Twitter Expands Content-Moderation Rules to Cover Crises

Twitter said on Thursday that it was adding new policies aimed at combating misinformation about the war in Ukraine and other crises like natural disasters, an expansion of its rules against misleading content.

The company announced the new policy even as it is in the process of being acquired by Elon Musk, the billionaire chief executive of Tesla and SpaceX, who has said he intends to do away with Twitter’s content moderation policies.

Under its new rule, Twitter will downplay tweets that spread misinformation about crises like natural disasters and wars that could spread rapidly across the platform without intervention. The company will prevent users from retweeting misleading crisis content and block it from appearing in prominent areas, like the home timeline and search features.

In some cases, Twitter will add a warning label to crisis misinformation, alerting users to misleading content, the company said. Misleading tweets from political figures, verified accounts and state-sponsored media outlets will be prioritized for labeling, Twitter said.

The crisis misinformation policy is intended to address misinformation about international armed conflicts, including the war in Ukraine, said Yoel Roth, Twitter’s head of safety and site integrity. Ukrainian officials and Russian diplomats have used their official Twitter accounts to share false and misleading information about the war, and their posts have been widely viewed and shared on the platform.

But the policy has been under development since last year, Mr. Roth noted. At the time, misinformation about wildfires in California were spreading rapidly on Twitter and causing disruptions for firefighters. The new rules could be applied after mass shootings, natural disasters and other global conflicts, Mr. Roth said, or any situation that poses “a widespread threat to life, physical safety, health or basic subsistence.”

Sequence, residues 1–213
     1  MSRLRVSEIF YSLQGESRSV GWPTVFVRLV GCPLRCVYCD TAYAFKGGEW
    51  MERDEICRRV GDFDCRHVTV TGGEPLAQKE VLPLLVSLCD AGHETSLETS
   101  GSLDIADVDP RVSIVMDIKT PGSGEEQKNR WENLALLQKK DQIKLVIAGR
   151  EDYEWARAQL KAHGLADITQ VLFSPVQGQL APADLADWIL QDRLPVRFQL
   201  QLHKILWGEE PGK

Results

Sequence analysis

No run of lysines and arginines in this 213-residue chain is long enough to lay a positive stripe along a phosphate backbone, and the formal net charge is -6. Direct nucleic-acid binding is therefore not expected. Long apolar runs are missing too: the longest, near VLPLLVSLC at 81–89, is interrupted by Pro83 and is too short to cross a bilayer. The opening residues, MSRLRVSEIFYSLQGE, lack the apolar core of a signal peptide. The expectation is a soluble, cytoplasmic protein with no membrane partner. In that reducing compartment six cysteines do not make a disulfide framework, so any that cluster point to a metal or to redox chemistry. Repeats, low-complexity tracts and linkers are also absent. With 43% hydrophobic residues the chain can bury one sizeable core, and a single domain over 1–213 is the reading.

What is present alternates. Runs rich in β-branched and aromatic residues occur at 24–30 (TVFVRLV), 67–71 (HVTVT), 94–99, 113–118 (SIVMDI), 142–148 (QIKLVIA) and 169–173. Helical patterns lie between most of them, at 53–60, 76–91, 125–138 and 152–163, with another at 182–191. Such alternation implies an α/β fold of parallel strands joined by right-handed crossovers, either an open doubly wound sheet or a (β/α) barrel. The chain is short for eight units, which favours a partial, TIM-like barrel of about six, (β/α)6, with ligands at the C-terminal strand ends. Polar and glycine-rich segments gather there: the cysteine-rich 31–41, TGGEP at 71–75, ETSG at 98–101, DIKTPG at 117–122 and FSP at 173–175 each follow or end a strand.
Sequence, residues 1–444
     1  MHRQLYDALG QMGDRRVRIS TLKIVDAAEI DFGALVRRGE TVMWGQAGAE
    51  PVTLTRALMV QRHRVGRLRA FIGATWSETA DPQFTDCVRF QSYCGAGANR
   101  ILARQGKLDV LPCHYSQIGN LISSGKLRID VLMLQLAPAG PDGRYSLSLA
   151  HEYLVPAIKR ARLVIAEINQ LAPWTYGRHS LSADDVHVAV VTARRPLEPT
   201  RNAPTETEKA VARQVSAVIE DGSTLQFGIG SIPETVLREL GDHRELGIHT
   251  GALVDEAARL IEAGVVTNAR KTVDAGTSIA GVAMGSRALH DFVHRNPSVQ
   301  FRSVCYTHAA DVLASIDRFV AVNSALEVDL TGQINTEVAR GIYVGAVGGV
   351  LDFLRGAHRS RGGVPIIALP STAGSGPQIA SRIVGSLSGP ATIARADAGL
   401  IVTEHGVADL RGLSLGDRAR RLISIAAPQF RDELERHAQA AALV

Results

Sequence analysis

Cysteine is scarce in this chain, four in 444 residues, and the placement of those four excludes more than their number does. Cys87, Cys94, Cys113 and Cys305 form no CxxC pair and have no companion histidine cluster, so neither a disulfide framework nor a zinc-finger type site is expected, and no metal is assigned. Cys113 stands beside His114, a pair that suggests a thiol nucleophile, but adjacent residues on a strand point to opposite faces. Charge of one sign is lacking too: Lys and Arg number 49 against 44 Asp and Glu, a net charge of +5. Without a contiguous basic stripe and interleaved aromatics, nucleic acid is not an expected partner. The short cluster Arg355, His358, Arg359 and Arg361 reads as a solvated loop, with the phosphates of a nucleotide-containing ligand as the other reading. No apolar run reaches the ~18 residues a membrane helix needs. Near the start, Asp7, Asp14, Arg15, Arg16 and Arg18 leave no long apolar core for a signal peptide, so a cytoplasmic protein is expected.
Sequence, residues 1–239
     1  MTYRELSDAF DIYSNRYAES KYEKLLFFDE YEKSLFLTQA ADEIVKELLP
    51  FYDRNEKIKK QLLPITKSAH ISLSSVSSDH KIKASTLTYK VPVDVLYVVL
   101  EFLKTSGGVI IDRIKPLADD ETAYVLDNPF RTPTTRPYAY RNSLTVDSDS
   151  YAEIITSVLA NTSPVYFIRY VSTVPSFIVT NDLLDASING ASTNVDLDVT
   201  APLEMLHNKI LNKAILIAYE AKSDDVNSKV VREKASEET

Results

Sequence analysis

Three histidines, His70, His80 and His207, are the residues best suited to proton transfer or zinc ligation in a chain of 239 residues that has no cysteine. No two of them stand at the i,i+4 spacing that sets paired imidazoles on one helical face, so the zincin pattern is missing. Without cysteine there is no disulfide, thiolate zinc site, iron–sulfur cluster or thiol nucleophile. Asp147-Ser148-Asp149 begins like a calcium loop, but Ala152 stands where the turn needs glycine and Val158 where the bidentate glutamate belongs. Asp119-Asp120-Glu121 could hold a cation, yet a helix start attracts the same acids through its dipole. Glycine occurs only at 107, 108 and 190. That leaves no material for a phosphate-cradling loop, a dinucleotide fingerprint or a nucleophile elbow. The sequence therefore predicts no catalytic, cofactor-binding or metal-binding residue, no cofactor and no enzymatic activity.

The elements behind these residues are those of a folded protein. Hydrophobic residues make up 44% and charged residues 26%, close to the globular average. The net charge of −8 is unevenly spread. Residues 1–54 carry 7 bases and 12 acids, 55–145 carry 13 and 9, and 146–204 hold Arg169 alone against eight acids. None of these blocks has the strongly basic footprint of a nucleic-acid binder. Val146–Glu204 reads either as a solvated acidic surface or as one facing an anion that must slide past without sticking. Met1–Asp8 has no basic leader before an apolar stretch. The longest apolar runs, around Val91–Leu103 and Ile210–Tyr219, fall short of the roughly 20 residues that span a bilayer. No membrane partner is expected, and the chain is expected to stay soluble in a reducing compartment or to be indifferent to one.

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Twitter relied on the United Nations’ definition of a humanitarian crisis for its policy, and said it would use information from humanitarian groups, conflict monitors and independent news organizations to assess whether a tweet was misleading.

The move to stop promoting tweets without removing them altogether reflects Twitter’s recent approach to content moderation. After years of criticism from Republican leaders who accused Twitter of censorship and Democratic officials who claimed its rules were too lax, the company has shifted away from simply deleting tweets or leaving them up. Instead, Twitter has begun to limit the viral spread of false and misleading content, and added fact-checking labels.

“Content moderation is more than just leaving up or taking down content, and we’ve expanded the range of actions we may take to ensure they’re proportionate to the severity of the potential harm,” Mr. Roth said. “We’ve found that not amplifying or recommending certain content, adding context through labels and, in severe cases, disabling engagement with the tweets, are effective ways to mitigate harm, while still preserving speech and records of critical global events.”

But the policy could be short-lived. Mr. Musk has indicated that if his acquisition of Twitter closes, he would do away with nearly all its content moderation policies. Mr. Musk has suggested that rather than try to limit misinformation, Twitter should moderate only content that violates local laws.